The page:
• Gonzaga: A couple of WCC schools had some good recruiting news, with BYU picking up a high school player's commitment and San Diego welcoming a former Colorado quarterback.

• Idaho: Speaking of recruits, Vandal coach Don Verlin announced three more for this season, which makes the 2013 class about as large a one school could have. Josh Wright has a blog post and a story.

• Indians: Spokane's woes were nothing a little extra home cooking couldn't cure, as the Indians defeated Salem-Keiser 6-4 in 11 innings last night. Chris Derrick was at Avista and has a game story and a blog post.

• Shock: The playoffs begin tonight in the Arena, with the Shock hosting the road-savvy Chicago Rush. Jim Meehan has an advance.

• Youth: Greg Lee introduces you to the Coeur d'Alene Little Leaguers who will be trying to be the first North Idaho group to get to Williamsport.

• Mariners: The trade deadline came and went before the M's began their game in Boston last night. And though, just a few weeks before, Seattle would be big-time sellers, Wednesday's lineup included all the names we sort of expected to be gone: Michael Morse, Kendrys Morales, Raul Ibanez. It didn't matter, though. The M's lost 5-4 to the Red Sox in 15 innings. … The M's made one minor deal but hope to be able to re-sign many of their veterans. Hope is all we have, right?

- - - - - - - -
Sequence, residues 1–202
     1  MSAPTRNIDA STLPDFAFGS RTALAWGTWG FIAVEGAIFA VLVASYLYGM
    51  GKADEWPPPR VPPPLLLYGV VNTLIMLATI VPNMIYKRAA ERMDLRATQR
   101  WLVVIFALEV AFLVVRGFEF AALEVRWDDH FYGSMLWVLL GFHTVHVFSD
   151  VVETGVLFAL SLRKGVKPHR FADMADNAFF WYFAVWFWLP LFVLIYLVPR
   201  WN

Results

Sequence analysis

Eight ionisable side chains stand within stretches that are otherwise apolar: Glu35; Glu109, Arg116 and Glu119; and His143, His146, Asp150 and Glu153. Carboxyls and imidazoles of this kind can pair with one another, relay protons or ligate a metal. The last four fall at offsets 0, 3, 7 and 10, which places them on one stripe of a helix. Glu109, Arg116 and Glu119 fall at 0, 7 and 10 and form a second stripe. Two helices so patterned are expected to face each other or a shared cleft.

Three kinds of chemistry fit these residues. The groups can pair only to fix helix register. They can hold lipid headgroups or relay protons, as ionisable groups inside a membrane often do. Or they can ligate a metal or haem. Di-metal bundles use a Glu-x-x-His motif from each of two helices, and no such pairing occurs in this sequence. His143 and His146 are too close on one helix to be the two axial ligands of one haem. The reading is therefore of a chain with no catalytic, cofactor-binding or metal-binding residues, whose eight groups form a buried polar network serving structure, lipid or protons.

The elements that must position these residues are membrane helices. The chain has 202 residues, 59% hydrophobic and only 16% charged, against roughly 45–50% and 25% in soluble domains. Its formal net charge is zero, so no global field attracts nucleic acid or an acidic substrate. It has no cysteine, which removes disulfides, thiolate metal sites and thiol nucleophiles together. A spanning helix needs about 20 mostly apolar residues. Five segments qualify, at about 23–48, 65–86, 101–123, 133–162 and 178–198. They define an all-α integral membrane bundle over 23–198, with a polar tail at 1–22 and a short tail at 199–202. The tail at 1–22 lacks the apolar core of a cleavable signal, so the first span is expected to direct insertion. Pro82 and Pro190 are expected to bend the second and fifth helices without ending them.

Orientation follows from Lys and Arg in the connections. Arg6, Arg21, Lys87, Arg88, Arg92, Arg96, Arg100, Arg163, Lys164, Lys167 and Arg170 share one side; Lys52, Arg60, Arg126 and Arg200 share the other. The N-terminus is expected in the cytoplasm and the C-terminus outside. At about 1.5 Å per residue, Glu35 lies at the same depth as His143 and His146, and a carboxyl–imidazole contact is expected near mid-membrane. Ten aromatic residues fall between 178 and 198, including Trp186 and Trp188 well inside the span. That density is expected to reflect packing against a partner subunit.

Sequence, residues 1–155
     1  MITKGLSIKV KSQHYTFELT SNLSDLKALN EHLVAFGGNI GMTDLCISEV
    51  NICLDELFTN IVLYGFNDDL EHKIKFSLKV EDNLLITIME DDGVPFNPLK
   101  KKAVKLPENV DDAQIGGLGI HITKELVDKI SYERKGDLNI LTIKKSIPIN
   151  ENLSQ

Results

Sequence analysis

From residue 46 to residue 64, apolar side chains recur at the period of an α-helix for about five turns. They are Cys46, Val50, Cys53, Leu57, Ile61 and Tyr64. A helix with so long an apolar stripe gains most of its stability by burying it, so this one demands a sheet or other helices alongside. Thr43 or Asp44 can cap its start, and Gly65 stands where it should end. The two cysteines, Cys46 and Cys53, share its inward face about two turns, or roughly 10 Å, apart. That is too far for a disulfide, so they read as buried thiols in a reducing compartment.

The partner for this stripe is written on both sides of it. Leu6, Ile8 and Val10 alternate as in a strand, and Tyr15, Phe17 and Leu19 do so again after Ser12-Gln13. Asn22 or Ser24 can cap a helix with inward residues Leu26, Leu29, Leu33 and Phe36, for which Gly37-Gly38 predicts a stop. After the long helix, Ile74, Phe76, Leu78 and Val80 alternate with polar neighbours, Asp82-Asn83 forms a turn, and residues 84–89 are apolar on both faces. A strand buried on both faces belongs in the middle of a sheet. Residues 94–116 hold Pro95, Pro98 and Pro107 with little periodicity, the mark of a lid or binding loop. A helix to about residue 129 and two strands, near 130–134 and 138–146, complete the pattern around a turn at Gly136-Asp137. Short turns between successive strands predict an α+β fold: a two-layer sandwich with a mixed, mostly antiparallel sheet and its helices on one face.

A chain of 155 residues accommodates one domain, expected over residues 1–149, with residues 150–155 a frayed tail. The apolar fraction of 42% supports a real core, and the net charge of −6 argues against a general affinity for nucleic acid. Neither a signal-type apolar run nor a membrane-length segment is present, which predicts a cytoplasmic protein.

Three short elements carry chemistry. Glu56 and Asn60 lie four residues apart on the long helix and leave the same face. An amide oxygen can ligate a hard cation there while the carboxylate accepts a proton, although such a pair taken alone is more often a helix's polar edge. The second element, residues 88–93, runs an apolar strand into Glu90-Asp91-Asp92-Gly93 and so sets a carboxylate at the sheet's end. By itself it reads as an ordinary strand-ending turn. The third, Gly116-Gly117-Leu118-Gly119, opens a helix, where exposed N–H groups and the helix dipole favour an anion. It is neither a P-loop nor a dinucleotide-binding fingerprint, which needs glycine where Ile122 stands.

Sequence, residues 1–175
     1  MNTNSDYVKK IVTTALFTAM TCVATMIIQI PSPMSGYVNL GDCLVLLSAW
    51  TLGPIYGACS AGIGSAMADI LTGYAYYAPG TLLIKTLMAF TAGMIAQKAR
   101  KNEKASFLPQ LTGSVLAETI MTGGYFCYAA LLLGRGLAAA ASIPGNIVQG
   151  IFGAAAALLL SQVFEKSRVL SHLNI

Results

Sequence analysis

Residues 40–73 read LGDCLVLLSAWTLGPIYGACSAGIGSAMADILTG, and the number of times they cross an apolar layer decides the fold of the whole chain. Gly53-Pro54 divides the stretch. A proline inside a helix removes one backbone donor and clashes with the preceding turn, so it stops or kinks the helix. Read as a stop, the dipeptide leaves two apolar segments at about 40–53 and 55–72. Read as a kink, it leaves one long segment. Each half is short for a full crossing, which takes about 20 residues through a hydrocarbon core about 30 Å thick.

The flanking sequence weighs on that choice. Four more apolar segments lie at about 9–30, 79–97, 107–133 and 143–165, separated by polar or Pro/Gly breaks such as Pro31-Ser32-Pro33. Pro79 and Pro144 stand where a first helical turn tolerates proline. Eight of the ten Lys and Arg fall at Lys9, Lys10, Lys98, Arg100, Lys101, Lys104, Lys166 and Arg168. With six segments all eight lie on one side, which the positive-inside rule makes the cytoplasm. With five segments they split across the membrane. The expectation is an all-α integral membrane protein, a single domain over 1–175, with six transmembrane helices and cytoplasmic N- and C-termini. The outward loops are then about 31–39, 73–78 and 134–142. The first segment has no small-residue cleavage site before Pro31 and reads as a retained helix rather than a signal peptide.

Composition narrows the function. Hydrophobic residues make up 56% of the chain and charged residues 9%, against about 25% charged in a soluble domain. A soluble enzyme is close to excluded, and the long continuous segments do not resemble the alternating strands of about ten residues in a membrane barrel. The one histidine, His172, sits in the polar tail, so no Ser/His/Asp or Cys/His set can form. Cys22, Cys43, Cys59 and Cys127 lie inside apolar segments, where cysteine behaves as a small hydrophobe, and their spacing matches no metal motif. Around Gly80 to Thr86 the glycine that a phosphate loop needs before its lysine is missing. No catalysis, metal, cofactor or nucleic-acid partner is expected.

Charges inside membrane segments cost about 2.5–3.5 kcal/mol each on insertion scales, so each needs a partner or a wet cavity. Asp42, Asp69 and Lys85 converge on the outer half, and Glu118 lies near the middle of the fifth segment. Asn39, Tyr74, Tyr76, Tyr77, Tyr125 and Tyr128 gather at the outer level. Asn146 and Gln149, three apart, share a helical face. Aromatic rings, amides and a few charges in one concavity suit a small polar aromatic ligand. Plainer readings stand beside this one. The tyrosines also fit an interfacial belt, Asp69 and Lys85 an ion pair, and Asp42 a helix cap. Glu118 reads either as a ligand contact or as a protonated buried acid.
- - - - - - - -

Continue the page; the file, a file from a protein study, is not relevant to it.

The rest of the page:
• Sounders: The MLS All-Star team was handled fairly easily last night, with DeAndre Yedlin getting a few minutes in a reserve role. … Eddie Johnson is back from national team duty once again.